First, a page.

One’s a comeback story starring Edmonton's 38-year-old Nikolai Khabibulin, who, after a lackluster 2010-11 season and then a summer in which he spent 15 days in an Arizona jail on a driving-under-the-influence charge, was not expected to do great things this year.
The other is a tragicomedy featuring Philly's 31-year-old Ilya Bryzgalov, who spent his summer counting the zeros on his $51 million contract and being heralded as the next best Flyers goalie since Ron Hextall.
But, like any good piece of literature, these two tales have begun with a shocking plot twist: Bryzgalov's early-season performance has been a Broad Street bust, while Khabibulin has boomed in Oil Town.
GAA: 0.97 | SVP: 0.964
Bryzgalov, who showed signs of finding his game with Saturday's 24-save performance in a 5-1 victory against Carolina, spent much of the past week battling a crisis of confidence brought about by four-straight sub-par performances, including an implosion in relief of backup Sergei Bobrovsky in Thursday's stunning 9-8 losss to Winnipeg.
While Bryzgalov talked of "being lost in the woods" and having "zero confidence," it was painfully obvious that his self-diagnosed psychological issues stem from physical deficiencies in his game:
*Not tracking the puck. Simply, if you can't see it, you usually can't stop it. And Bryz has struggled lately at visually tracking the puck – whether it's peeking around screens, following goal-mouth passes or just following straight-on shots from the blade to his body.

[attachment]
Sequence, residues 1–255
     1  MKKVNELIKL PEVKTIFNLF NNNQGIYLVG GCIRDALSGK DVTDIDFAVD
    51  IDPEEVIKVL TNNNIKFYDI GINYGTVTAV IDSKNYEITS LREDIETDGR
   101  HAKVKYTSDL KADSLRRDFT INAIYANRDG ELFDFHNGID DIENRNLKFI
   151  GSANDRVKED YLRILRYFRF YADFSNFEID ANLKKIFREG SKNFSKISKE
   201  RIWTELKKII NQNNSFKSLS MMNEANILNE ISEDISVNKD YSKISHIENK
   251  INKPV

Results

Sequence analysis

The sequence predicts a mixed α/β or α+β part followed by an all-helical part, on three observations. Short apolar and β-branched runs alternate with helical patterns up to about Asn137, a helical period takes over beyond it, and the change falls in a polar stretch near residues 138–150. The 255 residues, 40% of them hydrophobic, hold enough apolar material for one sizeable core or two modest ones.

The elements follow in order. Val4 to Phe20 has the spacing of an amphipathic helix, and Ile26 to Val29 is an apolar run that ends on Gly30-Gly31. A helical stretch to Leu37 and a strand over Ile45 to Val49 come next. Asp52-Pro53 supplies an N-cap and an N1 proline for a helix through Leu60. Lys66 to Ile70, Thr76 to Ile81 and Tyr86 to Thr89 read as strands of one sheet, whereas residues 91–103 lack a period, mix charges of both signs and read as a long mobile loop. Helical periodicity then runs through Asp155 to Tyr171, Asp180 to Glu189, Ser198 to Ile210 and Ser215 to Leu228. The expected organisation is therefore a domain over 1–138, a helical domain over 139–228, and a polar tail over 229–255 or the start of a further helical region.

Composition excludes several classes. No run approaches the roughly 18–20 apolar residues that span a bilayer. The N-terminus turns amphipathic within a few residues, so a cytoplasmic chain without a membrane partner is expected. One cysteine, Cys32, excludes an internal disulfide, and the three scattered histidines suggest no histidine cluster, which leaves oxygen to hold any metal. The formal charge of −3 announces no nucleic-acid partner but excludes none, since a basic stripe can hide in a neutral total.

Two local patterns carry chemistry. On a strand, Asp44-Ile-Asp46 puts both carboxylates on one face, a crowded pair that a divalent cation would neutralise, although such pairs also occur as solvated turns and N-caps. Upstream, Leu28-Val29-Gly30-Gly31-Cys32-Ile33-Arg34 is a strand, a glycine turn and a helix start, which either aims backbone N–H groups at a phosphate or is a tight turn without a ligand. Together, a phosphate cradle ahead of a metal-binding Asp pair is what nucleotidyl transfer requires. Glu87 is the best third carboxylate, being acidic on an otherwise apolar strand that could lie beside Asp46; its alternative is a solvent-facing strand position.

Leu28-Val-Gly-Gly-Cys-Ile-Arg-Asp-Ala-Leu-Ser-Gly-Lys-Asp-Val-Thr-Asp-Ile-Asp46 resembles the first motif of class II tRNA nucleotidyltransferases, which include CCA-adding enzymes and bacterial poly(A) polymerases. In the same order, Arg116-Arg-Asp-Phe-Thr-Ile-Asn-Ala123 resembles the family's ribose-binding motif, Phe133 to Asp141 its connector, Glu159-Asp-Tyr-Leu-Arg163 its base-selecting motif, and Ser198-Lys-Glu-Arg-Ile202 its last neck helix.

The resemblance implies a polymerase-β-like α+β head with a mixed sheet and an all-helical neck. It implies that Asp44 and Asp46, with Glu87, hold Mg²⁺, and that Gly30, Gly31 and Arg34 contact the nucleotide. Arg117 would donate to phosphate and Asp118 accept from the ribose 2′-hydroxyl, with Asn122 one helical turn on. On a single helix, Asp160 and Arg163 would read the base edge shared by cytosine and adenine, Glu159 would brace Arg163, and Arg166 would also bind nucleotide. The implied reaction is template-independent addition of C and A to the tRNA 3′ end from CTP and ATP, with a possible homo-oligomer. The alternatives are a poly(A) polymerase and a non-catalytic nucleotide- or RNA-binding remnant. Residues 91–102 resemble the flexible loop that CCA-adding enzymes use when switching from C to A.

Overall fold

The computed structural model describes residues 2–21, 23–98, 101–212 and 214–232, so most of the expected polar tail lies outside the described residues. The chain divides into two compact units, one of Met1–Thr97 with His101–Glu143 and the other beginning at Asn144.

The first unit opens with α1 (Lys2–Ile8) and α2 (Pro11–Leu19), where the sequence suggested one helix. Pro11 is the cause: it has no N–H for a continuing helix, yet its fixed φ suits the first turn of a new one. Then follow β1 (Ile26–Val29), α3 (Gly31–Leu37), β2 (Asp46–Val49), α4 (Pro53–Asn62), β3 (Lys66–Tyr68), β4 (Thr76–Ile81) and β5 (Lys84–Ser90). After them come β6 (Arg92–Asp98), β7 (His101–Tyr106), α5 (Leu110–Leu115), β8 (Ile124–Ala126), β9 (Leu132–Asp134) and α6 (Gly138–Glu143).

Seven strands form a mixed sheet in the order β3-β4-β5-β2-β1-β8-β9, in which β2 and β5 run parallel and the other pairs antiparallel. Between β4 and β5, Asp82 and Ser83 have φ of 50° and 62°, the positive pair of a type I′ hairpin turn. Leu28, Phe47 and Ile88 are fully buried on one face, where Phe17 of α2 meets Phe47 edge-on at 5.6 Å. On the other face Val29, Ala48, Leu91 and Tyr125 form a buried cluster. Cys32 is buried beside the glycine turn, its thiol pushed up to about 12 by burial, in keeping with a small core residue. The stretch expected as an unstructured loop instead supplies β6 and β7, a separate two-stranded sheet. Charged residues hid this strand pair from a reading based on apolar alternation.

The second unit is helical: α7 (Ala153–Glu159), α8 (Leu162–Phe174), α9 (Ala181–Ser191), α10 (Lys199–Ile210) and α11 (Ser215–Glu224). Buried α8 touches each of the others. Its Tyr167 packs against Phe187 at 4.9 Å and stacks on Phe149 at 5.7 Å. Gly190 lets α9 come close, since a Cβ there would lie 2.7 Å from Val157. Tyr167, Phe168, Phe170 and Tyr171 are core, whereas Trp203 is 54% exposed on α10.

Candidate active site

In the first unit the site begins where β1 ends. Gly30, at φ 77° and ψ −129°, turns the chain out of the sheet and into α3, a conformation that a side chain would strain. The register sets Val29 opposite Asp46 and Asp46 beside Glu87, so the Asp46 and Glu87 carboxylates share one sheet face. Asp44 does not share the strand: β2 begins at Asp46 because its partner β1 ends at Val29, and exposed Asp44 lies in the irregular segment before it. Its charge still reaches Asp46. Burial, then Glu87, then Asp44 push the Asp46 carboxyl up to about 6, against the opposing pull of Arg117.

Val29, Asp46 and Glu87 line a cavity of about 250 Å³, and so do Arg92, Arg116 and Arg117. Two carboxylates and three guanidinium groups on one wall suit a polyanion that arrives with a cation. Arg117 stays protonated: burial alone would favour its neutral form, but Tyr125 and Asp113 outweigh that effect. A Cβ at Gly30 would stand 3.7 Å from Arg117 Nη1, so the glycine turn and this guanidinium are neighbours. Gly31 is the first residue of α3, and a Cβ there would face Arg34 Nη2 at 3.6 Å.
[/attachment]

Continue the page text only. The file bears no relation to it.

* Standing in sand. Bryzgalov is playing more like a bare-footed beach volleyball player than a sharp-bladed ice hockey goalie. On too many goals where he needs to move laterally to make the save, his feet are locked in place and thus he finds himself reaching with his feet rather than pushing to the play.
*Too many rebounds. Indeed, Bryzgalov is coughing up pucks on a too-regular basis. Pucks that he should control are popping from his glove, his pads, his body and creating goals or near-goal encounters of the sloppiest kind.
*Playing too deep. Rather than combating his slump by playing "big" at the top of his crease, he has slinked back into the blue too often before returning to a more aggressive mindset Saturday.
It's a different story in Edmonton.
GAA: 3.16 | SVP: 0.880
The Khabibulin success story goes back to him executing basic fundamentals, starting with him seeing -- or visually "tracking" -- the puck in a way that Bryzgalov has not done on a regular basis.
Philly's capable goalie coach Jeff Reese (who, coincidentally, coached Khabibulin when he won the Cup for Tampa Bay in 2004) might want to run his goalie through simple drills that will force Bryzgalov to keep his eyes on the puck. Quick passing back and forth around the goal mouth, screen set-up situations and rapid-fire shooting drills are among the possible solutions to get a goalie tracking the puck more effectively.
In goaltending, your body follows where your eyes go. By getting his puck-tracking skills back in order, the 6-foot-3 Bryzgalov can get back to moving and blocking and challenging in the same way Khabibulin has performed this season.
And, what if, even after drilling the fundamentals, Bryzgalov still falters and tells the media he is "terrible" and has "zero confidence" in himself? Then, it is time for Plan B: See a shrink.